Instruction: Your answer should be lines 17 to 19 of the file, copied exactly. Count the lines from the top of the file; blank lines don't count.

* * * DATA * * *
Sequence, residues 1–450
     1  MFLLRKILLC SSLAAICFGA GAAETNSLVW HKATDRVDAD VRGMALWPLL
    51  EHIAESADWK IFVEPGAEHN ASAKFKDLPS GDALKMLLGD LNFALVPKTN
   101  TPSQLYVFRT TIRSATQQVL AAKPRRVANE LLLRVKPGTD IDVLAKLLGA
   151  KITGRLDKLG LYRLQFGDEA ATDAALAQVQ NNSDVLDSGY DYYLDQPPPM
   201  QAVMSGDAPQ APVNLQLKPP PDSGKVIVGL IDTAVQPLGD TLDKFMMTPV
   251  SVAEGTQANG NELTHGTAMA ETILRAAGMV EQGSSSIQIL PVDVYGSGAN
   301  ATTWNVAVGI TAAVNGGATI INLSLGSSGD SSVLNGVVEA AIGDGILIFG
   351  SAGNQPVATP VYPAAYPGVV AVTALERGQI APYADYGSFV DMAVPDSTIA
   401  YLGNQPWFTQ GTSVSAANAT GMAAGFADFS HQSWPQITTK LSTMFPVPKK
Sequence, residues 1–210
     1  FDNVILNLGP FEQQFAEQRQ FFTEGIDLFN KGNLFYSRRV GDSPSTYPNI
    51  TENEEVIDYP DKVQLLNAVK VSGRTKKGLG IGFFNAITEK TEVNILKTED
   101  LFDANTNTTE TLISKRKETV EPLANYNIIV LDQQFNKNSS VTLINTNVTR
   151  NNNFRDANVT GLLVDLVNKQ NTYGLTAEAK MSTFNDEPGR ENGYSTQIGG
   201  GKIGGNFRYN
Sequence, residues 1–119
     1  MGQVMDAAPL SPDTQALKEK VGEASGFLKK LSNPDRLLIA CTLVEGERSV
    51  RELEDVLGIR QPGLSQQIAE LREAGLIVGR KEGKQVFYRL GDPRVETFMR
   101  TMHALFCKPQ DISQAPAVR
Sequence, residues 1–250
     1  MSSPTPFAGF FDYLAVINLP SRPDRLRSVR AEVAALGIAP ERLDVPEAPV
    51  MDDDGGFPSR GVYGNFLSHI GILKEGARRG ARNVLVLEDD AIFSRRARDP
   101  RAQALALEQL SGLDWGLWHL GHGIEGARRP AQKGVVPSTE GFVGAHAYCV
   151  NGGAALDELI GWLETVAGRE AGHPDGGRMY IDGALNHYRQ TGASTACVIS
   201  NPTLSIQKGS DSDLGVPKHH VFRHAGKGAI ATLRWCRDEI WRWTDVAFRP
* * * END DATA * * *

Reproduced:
Sequence, residues 1–119
     1  MGQVMDAAPL SPDTQALKEK VGEASGFLKK LSNPDRLLIA CTLVEGERSV
    51  RELEDVLGIR QPGLSQQIAE LREAGLIVGR KEGKQVFYRL GDPRVETFMR